Barbara, G., Zecchi, L., Barbaro, R., Cremon, C., Bellacosa, L., Marcellini, M., De Giorgio, R., Corinaldesi, R., & Stanghellini, V. (2012). Mucosal permeability and immune activation as potential therapeutic targets of probiotics in irritable bowel syndrome. Journal of Clinical Gastroenterology, 46 Suppl, S52-5. https://doi.org/10.1097/MCG.0b013e318264e918
Barbara G, et al. Mucosal Permeability and Immune Activation as Potential Therapeutic Targets of Probiotics in Irritable Bowel Syndrome. J Clin Gastroenterol. 2012;46 Suppl:S52-5. PubMed PMID: 22955358.
* Article titles in AMA citation format should be in sentence-case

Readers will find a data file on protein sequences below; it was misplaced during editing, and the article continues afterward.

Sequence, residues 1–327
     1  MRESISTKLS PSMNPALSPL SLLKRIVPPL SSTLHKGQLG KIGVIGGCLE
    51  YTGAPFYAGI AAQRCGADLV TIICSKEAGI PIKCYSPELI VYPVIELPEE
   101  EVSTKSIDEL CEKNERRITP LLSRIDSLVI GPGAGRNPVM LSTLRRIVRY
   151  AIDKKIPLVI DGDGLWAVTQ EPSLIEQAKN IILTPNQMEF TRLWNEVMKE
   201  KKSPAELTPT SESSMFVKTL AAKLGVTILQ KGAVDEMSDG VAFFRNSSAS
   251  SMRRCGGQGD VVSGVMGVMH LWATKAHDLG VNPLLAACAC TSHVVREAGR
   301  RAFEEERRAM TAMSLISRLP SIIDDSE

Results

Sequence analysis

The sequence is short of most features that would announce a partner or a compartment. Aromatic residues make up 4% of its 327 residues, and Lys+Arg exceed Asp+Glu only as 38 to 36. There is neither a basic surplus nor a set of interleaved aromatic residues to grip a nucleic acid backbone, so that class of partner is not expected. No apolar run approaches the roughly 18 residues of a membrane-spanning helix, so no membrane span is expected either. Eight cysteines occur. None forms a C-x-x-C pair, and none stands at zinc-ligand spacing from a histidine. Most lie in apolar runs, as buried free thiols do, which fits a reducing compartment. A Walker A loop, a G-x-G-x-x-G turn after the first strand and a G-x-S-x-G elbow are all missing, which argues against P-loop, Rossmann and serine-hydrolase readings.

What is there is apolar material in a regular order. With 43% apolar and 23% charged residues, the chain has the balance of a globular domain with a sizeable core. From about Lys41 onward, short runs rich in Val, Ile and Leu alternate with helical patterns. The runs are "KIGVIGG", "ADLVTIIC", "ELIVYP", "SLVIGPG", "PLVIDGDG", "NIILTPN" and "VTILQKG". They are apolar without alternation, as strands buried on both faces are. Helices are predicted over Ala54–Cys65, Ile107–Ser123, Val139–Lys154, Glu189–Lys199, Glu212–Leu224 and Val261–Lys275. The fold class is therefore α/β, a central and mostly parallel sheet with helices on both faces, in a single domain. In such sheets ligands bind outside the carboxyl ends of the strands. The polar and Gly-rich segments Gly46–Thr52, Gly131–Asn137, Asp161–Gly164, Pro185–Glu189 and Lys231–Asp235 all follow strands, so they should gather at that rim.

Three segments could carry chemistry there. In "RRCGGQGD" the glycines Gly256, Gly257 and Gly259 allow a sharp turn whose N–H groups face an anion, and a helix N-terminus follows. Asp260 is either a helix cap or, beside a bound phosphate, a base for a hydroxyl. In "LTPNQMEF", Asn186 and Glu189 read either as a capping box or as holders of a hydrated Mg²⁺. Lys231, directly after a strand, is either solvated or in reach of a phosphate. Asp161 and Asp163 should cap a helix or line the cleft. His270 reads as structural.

TY - JOUR T1 - Mucosal permeability and immune activation as potential therapeutic targets of probiotics in irritable bowel syndrome. AU - Barbara,Giovanni, AU - Zecchi,Lisa, AU - Barbaro,Raffaella, AU - Cremon,Cesare, AU - Bellacosa,Lara, AU - Marcellini,Marco, AU - De Giorgio,Roberto, AU - Corinaldesi,Roberto, AU - Stanghellini,Vincenzo, PY - 2012/9/8/entrez PY - 2012/9/14/pubmed PY - 2013/1/19/medline SP - S52 EP - 5 JF - Journal of clinical gastroenterology JO - J Clin Gastroenterol VL - 46 Suppl N2 - There is increasingly convincing evidence supporting the participation of the gut microenvironment in the pathophysiology of irritable bowel syndrome (IBS). Studies particularly suggest an interplay between luminal factors (eg, foods and bacteria residing in the intestine), the epithelial barrier, and the mucosal immune system. Decreased expression and structural rearrangement of tight junction proteins in the small bowel and colon leading to increased intestinal permeability have been observed, particularly in postinfectious IBS and in IBS with diarrhea. These abnormalities are thought to contribute to the outflow of antigens through the leaky epithelium, causing overstimulation of the mucosal immune system. Accordingly, subsets of patients with IBS show higher numbers and an increased activation of mucosal immunocytes, particularly mast cells. Immune factors, released by these cells, including proteases, histamine, and prostanoids, participate in the perpetuation of the permeability dysfunction and contribute to the activation of abnormal neural responses involved in abdominal pain perception and changes in bowel habits. All these mechanisms represent new targets for therapeutic approaches in IBS. Probiotics are an attractive therapeutic option in IBS given their recognized safety and by virtue of positive biological effects they can exert on the host. Of importance for the IBS pathophysiology is that preclinical studies have shown that selective probiotic strains exhibit potentially useful properties including anti-inflammatory effects, improvement of mucosal barrier homeostasis, beneficial effects on intestinal microbiota, and a reduction of visceral hypersensitivity. The effect of probiotics on IBS is positive in most randomized, controlled studies, although the gain over the placebo is small. Identifying tailored probiotic approaches for subgroups of IBS patients represents a challenge for the future. SN - 1539-2031 UR - https://www.unboundmedicine.com/medline/citation/22955358/Mucosal_permeability_and_immune_activation_as_potential_therapeutic_targets_of_probiotics_in_irritable_bowel_syndrome_ L2 - https://doi.org/10.1097/MCG.0b013e318264e918 DB - PRIME DP - Unbound Medicine ER -